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Should Anonymous Comments Be Banned?

A NYS bill sponosred by Assemblyman Dean Murray is looking to stop websites from publishing unidentified responses.

A new bill in Albany is looking to combat cyber bullying by prohibiting Internet users from posting anonymous slanderous comments.

The Internet Protection Act, sponsored by Assemblyman Dean Murray (R-East Patchogue) and Senator Thomas O'Mara (R-Big Flats), would force a website administrator to "remove any comments posted on his or her website by an anonymous poster unless such anonymous poster agrees to attach his or her name to the post," upon request. According to the bill, a website would either have to provide a phone number or email address where users could request that false, anonymous comments be removed from the site unless the commenter identify him or herself.

In an age where a simple Google search can detail a person’s entire background, anonymous comments can be a major concern for users. Conte and other supporters of the bill argue that anonymous statements, especially false ones, can essentially destroy an individual’s reputation without the ability to hold the commenter accountable for his or her statements.

Murray explained that the act would not eliminate anonymous comments entirely, but would give victims of personal attacks the ability to challenge accusations.

Assemblyman Jim Conte (R-Huntington Station) expressed his support for the bill, saying that it"turns the spotlight on cyber-bullies by forcing them to reveal their identity or have their post removed."

The bill would also forbid users to post anonymous criticisms of businesses, which Conte said, would cut down on competitors posting negative or false reviews of a rival business.

Conte and Murray both admitted to being cyber-bullied through anonyomous political attacks.

The main criticism of the Internet Protection Act is that it could hinder freedom of speech rights under the First Amendment.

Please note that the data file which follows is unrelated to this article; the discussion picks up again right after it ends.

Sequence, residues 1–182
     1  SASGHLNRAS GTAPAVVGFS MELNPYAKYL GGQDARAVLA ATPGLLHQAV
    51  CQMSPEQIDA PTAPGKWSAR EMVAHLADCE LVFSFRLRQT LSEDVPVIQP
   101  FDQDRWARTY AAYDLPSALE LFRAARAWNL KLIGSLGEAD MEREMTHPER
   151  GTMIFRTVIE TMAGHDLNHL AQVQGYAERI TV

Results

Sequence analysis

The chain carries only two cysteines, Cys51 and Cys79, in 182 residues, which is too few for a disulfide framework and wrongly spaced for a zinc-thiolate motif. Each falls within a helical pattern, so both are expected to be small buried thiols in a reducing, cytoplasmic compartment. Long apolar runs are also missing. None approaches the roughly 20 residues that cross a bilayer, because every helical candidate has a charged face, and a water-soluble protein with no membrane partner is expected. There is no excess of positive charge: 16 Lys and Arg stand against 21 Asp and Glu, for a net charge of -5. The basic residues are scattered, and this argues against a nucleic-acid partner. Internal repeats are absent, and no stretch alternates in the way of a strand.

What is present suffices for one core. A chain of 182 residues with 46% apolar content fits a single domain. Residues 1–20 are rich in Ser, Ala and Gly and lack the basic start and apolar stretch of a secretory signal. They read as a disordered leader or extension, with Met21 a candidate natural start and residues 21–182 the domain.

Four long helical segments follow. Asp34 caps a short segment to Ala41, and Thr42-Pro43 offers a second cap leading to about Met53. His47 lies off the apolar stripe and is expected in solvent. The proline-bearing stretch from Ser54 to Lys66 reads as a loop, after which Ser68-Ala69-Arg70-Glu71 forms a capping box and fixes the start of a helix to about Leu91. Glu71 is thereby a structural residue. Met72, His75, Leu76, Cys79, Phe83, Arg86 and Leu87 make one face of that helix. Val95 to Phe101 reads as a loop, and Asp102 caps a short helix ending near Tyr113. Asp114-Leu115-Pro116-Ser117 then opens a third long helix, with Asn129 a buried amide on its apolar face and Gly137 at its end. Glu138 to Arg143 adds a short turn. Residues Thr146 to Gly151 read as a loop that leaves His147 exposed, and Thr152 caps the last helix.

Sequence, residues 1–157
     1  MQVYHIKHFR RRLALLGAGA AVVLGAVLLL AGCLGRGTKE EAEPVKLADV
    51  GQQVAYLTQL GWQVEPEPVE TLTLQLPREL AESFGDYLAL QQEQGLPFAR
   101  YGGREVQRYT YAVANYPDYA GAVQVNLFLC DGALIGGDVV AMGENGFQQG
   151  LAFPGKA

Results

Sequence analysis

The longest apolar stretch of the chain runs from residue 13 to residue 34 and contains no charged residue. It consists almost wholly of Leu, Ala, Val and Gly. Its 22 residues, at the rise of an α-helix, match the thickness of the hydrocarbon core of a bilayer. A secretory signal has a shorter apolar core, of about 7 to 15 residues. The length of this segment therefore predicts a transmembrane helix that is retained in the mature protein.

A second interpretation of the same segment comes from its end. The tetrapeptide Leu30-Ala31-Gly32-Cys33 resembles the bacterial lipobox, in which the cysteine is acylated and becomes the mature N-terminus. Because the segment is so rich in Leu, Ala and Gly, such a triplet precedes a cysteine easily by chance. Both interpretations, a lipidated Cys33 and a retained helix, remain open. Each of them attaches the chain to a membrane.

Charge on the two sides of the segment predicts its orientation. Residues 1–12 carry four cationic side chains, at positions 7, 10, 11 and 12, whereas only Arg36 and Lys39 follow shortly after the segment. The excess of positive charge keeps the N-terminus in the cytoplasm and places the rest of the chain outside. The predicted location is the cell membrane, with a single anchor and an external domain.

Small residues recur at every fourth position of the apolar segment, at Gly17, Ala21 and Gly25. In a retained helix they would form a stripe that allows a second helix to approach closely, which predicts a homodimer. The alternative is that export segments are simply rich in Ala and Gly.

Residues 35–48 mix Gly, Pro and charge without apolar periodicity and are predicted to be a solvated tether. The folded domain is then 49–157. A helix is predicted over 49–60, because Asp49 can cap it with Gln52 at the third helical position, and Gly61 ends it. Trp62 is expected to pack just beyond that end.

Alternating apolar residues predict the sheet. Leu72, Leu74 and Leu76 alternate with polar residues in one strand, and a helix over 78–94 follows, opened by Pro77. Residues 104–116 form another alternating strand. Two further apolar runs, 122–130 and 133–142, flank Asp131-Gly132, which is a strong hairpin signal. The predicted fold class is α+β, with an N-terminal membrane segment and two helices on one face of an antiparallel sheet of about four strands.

“This statute would essentially destroy the ability to speak anonymously online on sites in New York,” Kevin Bankston, a staff attorney with the Center for Democracy and Technology, told Wired. He said the bill allows a “heckler’s veto to anybody who disagrees with or doesn’t like what an anonymous poster said.”

While the U.S. Constitution prohibits states and Congress from abridging free speech, it does not detail specifics about anonymous statements, nor online comments.

Do you think anonymous commenting should be banned?

*Clarifications have been made to this article. An earlier version did not specify that removal of anonymous comments would be based on requests.

jared June 01, 2012 at 07:34 PM
LMAO I administrate a website and this is unenforceable (i don't allow annoymous posts, but i run a music review site so i really only get serious readers/posters anyway). but my problem lies that as a systems administrator, Now I need to spend even more time coding extra "email" forums to provide another table to hold data in my MYSQL database. which honestly, someone can LIE about their email address anyway and still post. how are you going to enforce this..... you can't, its as simple as that. The internet is the wild west, and honestly , oh and what popular websites allow anonymous posts these days...? lol
James Smith June 01, 2012 at 09:20 PM
The fact that the Assemblyman is even replying to a comment section and getting bent out of shape over comments that people post on a local patch article, shows that he buckles under the heat of criticism and actually tries a law to silence his critics while claiming that it's "All About the Children" or "Protecting Victims". The more popular you get the more criticism you will face. How many people posted these "untruths" about Obama being a terrorist, Muslim that hates America or that he is not a US Citizen etc... Has it affected his career? Lamar Smith took a barrage of nasty comments regarding SOPA and he just won the primary by a landslide. Mr. Murray, you need to follow in their footsteps and rise above such petty endeavors.